Hopes for Malaysia to be a high-income economy are not bright because Najib’s NEM does not dump the NEP policy
by Dr. Chen Man Hin
DAP life advisor
2nd March 2013
Look at the FDIs inflow to Malaysia compared to other Asean countries for 2012.
According to UNCTAD Malaysia FDI for first half of 2012 was US4 billion, and for the full year would be around US 8 billion.
Whereas it was Singapore US 27.4 billion, Indonesia 8.2 billion, Thailand 5.6 billion.
World bank figures for PER CAPITA INCOME for 2011 are:
Malaysia US$ 9500 ( US$ 7440 in 2008)
HONG KONG 36012
South Korea 22424
But Malaysia’s PCI of US9500 is far way from the required high income level of US$ 16,000 Read the rest of this entry »
By Dr Chen Man Hin, DAP Life advisor
23 Feb 2013
Events have shown that the NEP is still enforced in the economic development of the economy – two faced NEP and NEM economic policy.
Soon after being Prime Minister, Najib launched his New Economic Model to stimulate development with the aim of achieving a high economy like that of the Asian Tigers of Singapore, S Korea, Hong Kong and Taiwan
To do this he had to get rid of the economic handicaps wrought by the New Economic Policy. It is on record that Najib announced on May 2nd 2009 that he would replace NEP with his New Economic Model (NEM).
It is now 2013, and the signs of a high economy are not encouraging. For Foreign Direct Investments (FDIs) of 2012 Malaysia scored 9 billion US dollars compared to Indonesia’s US$19 billion and Singapore US$130 billion. (World Bank figures)
Per capita income for Malaysia in 2012 was US$9500 million, compared to Hong Kong US$30 million, Singapore US$50 million and South Korea US$25 million. Can Malaysia reach a high income status of US$20million by 2020.
Read the rest of this entry »
Mohd Ariff Sabri Aziz | November 28, 2012
Free Malaysia Today
Malaysians think that by changing the present set of bad people with good ones everything will be all right, but nothing is farther from the truth.
People do not want to believe that if you have an intrinsically bad system, you are good at the beginning, but you are eventually going to degenerate.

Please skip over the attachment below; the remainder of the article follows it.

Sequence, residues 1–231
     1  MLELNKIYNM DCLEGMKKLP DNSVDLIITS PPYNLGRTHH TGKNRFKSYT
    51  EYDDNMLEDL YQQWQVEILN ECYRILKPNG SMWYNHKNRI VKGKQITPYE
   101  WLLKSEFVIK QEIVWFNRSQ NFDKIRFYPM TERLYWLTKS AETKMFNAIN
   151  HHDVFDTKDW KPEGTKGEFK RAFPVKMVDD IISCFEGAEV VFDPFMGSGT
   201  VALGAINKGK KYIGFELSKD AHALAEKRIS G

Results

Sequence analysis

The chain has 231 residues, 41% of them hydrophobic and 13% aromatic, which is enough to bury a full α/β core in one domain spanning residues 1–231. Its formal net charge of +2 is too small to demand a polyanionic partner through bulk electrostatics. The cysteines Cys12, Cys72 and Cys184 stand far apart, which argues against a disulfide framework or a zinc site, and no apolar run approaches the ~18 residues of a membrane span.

But people don’t want to accept this.
Let’s assume Prime Minister Najib Tun Razak is a good person (he probably is) but the system which sustains him is bad. It will eventually cause him to turn bad.
So it isn’t enough to transform society by changing the people leading it, but the system that structures our society must be changed too.
That is our (Pakatan Rakyat’s ) agenda now. Not just changing of guards, but changing the system that structures our society. Read the rest of this entry »
Free Malaysia Today
September 17, 2012
The prime minister is holding back on the election date to shore up flagging support and give his reforms more time to work.
KUALA LUMPUR: Prime Minister Najib Tun Razak could call national elections anytime between now and April 2013, but he may wait to announce a generous budget on Sept 28 as he plays a risky waiting game.
The ruling Barisan Nasional coalition is widely expected to win the election but further gains by the opposition after its strong performance in 2008 could undermine Najib’s standing.
Holding back until after September would give Najib more time to shore up flagging support among ethnic Chinese voters, and to convince Malaysians that his reform efforts are working as he tries to reverse the ruling coalition’s worst election showing in 2008.